A photo of Santa Clause checking his list at a table covered with presents and a stack of presents in the background.

The Gift of Tax This Holiday

November 16, 2021

As we near the final months of the year, discussions of holiday gifts and parties for employees are often the main topics of the season. While an unwanted tax bill may not be in the minds of employers during the holiday, it’s important not to overlook the tax implications of these wonderful perks.

Holiday Gifts

Gifts given to employees are a taxable benefit from employment regardless of the form they take. With that said, the CRA has an administrative policy exempting non-cash gifts in certain cases. To be eligible for this policy, the non-cash gift has to be for a special occasion such as a religious holiday, birthday, wedding or a birth of a child.

Non-cash gifts include tangible items (e.g. a watch, a book, artwork, etc.) and intangible items (e.g. vouchers, event tickets, etc.). To qualify, the voucher or event ticket must not include any “element of choice” (i.e. the voucher is only redeemable for a specific item like a turkey; the ticket is for a set event at a set date and time; in both examples the employee doesn’t get to choose).

Non-cash gifts do not include things that function like cash (e.g. gift cards, gift certificates, etc.) or that can be easily converted into cash (precious metals, marketable securities, etc.)

Non-cash holiday gifts meeting these criteria should not result in a taxable benefit to the employee where:

  1. The total value of all non-cash gifts and awards1 given to the employee during the year does not exceed $500; or
  2. The gift is of small or trivial value (e.g. mugs, plaques, t-shirts with the employer’s logo, etc.). Such gifts do not count towards the $500 annual limit.

Gifts that are given in recognition of employee performance, and items won in prize draws at holiday staff parties are not covered by this policy.

Holiday Staff Parties

Many employers hold parties or dinners for their staff during the holiday season. Under CRA policy, attending such an event should not result in a taxable benefit to an employee as long as all employees are invited to the event and the cost of the event does not exceed $150 per person. Note that ancillary costs, such as taxi fares or overnight accommodations for employees attending the event, can not be included in the $150 per person threshold and therefore could result in a taxable benefit.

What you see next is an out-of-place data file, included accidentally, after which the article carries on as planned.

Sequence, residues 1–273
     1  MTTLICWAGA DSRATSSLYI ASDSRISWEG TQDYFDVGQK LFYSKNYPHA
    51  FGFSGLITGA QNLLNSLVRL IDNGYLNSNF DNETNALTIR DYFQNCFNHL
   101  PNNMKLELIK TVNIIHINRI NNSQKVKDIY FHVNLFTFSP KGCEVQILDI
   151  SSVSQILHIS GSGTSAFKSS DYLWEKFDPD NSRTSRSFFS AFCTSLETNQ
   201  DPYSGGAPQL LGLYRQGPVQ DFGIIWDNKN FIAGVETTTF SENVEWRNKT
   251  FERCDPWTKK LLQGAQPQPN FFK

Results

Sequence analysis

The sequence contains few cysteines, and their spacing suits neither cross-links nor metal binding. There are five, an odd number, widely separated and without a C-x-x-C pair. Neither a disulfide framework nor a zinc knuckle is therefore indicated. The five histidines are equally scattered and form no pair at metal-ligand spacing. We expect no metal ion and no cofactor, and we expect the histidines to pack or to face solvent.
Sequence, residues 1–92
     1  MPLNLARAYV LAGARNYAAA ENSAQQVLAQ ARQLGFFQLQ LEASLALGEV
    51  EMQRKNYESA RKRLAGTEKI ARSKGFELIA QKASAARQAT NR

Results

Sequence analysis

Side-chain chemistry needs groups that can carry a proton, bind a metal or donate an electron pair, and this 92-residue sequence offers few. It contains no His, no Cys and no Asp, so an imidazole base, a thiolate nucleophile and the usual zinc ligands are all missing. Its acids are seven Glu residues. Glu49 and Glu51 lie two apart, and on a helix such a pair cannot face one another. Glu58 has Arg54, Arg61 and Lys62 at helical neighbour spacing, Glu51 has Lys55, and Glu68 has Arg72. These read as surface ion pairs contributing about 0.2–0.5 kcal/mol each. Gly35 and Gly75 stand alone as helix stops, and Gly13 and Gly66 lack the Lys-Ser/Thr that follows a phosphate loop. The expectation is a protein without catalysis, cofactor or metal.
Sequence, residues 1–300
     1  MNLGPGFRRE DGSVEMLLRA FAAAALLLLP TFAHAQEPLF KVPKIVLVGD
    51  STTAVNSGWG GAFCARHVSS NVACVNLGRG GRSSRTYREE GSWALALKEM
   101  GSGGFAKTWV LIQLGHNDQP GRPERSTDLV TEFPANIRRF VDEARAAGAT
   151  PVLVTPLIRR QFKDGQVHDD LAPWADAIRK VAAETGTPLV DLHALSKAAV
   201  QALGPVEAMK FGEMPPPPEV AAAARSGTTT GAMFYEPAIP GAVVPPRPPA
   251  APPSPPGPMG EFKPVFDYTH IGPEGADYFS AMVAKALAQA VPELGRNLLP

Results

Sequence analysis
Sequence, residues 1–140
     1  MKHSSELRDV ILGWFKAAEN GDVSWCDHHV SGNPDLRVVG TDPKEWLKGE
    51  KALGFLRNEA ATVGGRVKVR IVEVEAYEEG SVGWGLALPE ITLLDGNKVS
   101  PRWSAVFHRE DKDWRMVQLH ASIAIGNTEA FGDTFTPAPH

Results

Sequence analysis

Generally, the cost of meals and entertainment incurred by a business are only 50% deductible. However, where all staff are invited to the holiday party/dinner and the event is one of six or less such events per calendar year, the cost of the party should be fully deductible to the employer.

Generally, the cost of meals and entertainment incurred by a business are only 50% deductible. However, where all staff are invited to the holiday party/dinner and the event is one of six or less such events per calendar year, the cost of the party should be fully deductible to the employer.


[1] The CRA considers an award to be something given to an employee in recognition of the employee’s overall contribution to the workplace, and not in recognition of the employee’s job performance. Generally, a valid, non-taxable award has clearly defined criteria, a nomination and evaluation process, and a limited number of recipients.

Article written by Tino Chou, CPA